Finally you need to do some configuration on the dispatcher side. This is because Wildfly is not aware of the proxy and so in cases when your application sends a HTTP redirect (302) an already established SSL connection will be lost. This redirect scenario is typical for JSF applications where a navigation rule can issue such a situation.  To avoid the loss of SSL connections inside your WildFly application you need to add the HTTP header parameter into the HTTP listener of your dispatcher. Sending an X-Forwarded-Proto https header along with your proxy will do the trick:

proxy-address-forwarding="true"

For squid you can add the corresponding config option:

request_header_add X-Forwarded-Proto https

For WildFly 10 another option is to use the new added option “secure=true|false” for http-listener. This option tells wildfly that all requests that come in are “secure” even when they come over http. See also the discussion here.

 

Wildfly – Logging

To activate logging for a specific category (path/class) from a deployed application follow these steps:

  1. Open the Wildfly Admin Console
  2. Switch to “Configuration -> Subsystem :Logging”
  3. Change the Console Loglevel to ‘FINE’ (or higher in case you need finer log levels) – default is ‘INFO’
  4. Add a new Log Category (Tab: Log Categories) with the following settings:
    • Category = package or class
    • Level = FINE (or higher in case you need finer log levels)
    • Use parent handler=true

WildFly Undertow – How to Configure a Request Dump

If you need to debug the request headers send to Wildfly application server you can configure a Request-Dumper. There for change the standalone.xml file and add a filter-ref and filter configuration into the subsystem section of undertow. See the following example:

... 
<subsystem xmlns="urn:jboss:domain:undertow:2.0">
....
 <server name="default-server">
       ...
      <host name="default-host" alias="localhost">
          .....
          <filter-ref name="request-dumper"/>
      </host>
 </server>
....
<filters>
    .....
    <filter name="request-dumper" class-name="io.undertow.server.handlers.RequestDumpingHandler" module="io.undertow.core" />
</filters

This will print out all the request information send by a browser.

Wildfly and MVC 1.0 Ozark

I just started to build a new Java EE Web Application based on the new MVC 1.0 Framework which will become part of Java EE8. I tried to run the application on Wildfly 9.0.2.

Setup a Maven Project

To setup a MVC 1.0 Web Application with maven seems to be quite simple. I Just added the following dependencies into my pom.xm :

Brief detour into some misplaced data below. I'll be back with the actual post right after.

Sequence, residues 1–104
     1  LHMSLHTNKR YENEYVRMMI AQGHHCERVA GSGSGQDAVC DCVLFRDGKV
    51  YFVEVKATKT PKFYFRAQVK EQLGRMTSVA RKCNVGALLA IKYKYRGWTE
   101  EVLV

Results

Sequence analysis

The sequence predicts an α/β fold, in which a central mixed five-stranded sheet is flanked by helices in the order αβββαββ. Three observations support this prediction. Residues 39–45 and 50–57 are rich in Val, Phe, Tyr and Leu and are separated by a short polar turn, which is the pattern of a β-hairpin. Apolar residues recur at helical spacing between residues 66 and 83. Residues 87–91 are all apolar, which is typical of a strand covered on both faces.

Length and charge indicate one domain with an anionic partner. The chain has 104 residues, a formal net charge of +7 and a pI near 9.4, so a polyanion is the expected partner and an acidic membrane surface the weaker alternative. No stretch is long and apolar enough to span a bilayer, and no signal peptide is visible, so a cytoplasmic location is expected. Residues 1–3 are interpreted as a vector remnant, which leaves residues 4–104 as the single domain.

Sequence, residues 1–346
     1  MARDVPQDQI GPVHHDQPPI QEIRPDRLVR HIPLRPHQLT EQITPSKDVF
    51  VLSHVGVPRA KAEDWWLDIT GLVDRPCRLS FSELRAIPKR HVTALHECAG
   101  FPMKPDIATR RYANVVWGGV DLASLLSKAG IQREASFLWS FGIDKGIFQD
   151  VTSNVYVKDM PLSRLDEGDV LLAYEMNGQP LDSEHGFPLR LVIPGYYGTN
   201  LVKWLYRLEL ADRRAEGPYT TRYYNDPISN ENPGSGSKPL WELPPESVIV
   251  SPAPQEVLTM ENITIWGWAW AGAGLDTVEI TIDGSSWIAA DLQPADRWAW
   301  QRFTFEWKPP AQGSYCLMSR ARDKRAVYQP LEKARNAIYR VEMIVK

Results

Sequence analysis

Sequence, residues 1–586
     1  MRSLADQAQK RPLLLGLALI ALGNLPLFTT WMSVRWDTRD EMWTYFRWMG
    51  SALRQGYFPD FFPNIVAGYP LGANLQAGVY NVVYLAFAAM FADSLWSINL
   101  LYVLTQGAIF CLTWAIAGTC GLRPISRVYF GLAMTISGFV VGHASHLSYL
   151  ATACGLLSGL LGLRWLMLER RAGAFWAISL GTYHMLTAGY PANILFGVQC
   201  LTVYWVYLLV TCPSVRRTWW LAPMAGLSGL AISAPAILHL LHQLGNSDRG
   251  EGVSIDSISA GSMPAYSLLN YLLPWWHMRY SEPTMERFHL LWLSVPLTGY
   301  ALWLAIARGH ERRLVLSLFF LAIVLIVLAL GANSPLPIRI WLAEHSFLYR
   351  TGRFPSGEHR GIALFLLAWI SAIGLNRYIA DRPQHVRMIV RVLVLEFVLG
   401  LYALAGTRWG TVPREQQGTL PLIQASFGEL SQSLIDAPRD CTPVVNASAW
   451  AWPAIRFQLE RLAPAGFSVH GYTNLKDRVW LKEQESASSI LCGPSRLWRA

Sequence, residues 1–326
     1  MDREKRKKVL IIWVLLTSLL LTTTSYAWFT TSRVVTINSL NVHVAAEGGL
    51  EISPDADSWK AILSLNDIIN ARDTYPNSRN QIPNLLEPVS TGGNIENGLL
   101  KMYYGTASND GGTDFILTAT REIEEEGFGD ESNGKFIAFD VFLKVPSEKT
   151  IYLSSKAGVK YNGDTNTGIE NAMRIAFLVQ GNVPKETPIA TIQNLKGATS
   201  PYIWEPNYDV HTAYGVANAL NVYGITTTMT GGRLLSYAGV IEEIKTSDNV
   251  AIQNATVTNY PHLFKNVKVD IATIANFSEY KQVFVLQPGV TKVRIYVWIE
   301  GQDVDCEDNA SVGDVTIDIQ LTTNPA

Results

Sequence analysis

<!-- MVC 1.0 dependencies -->
 <dependency>
   <groupId>org.glassfish.ozark</groupId>
   <artifactId>ozark</artifactId>
   <version>1.0.0-m02</version>
   <scope>compile</scope>
 </dependency>
 <dependency>
   <groupId>org.glassfish.jersey.containers</groupId>
   <artifactId>jersey-container-servlet</artifactId>
   <version>2.22</version>
 </dependency>

As ozark is based on jersey we need the jersey-container-servlet. As ozark is based on Java 8 it is also necessary to start Wildfly with JDK 8. Otherwise the war file can not be deployed.

The application class

Next I added an application class with a resurce mapping /api/

@ApplicationPath("api")
public class MyApplication extends Application {
}

This class is necessary to call the application URL like

/myapp/api/hello?name=xx

Here is my controller class:

@Path("hello")
public class HelloController {
 @Inject 
 private Greeting greeting; 
 private static Logger logger = Logger.getLogger(HelloController.class.getName());

 @GET
 @Controller
 @View("/pages/hello.xhtml")
 public void hello(@QueryParam("name") String name) {
 logger.info("set new message: "+name);
 greeting.setMessage("Hello "+name);
 }
}

On the first look the conroller is triggered. But currently I am not able to return the target page (in my example /pages/hello.xhtml)

The reason seems to be that the jersey servlet container will not replace the resteasy implementation for the application.

Maybe someone knows how to solve this problem?

Wildfly – HeapSize

The default memory setting for Wildfly are not very high and can be to less for deployed applications. The default VM settings are typically:

  • -Xms64m
  • -Xmx512m
  • -XX:MaxPermSize=256m

For production mode this can be increased by editing the “bin/standalone.conf” file. To increase the memory size from 512MB to 2GB change the following line from:

JAVA_OPTS="-Xms64m -Xmx512m -XX:MaxPermSize=256m -Djava.net.preferIPv4Stack=true"

into

JAVA_OPTS="-Xms2048m -Xmx2048m -XX:MaxPermSize=256m -Djava.net.preferIPv4Stack=true"

The settings depend on the applications deployed on wildfly.

Debug an application in WildFly with Eclipse

You can debug a deployed applications running in WildFly with the Eclipse Debugging feature.

First you need to start WildFly in debug mode with the following command:

standalone.sh --debug --server-config=standalone.xml

Now WildFly starts in the debug mode and listens to the port 8787.

To enable debugging in your Eclipse IDE you now can add a new Debug Configuration:

wildfly_debug_eclipse

This will connect Eclipse to the WildFly Debug port.

Connection refused!

It may happen that – even if you have started glassfish in debug mode and configured all well – you got the following eclipse error message:

Failed to connect to remote VM. Connection refused.

eclipse-debug-02

In this case – it maybe can help if you add a project to the debug configuration. In the screen example above I have let the field ‘Project’ empty. It may help in some cases that you select a project there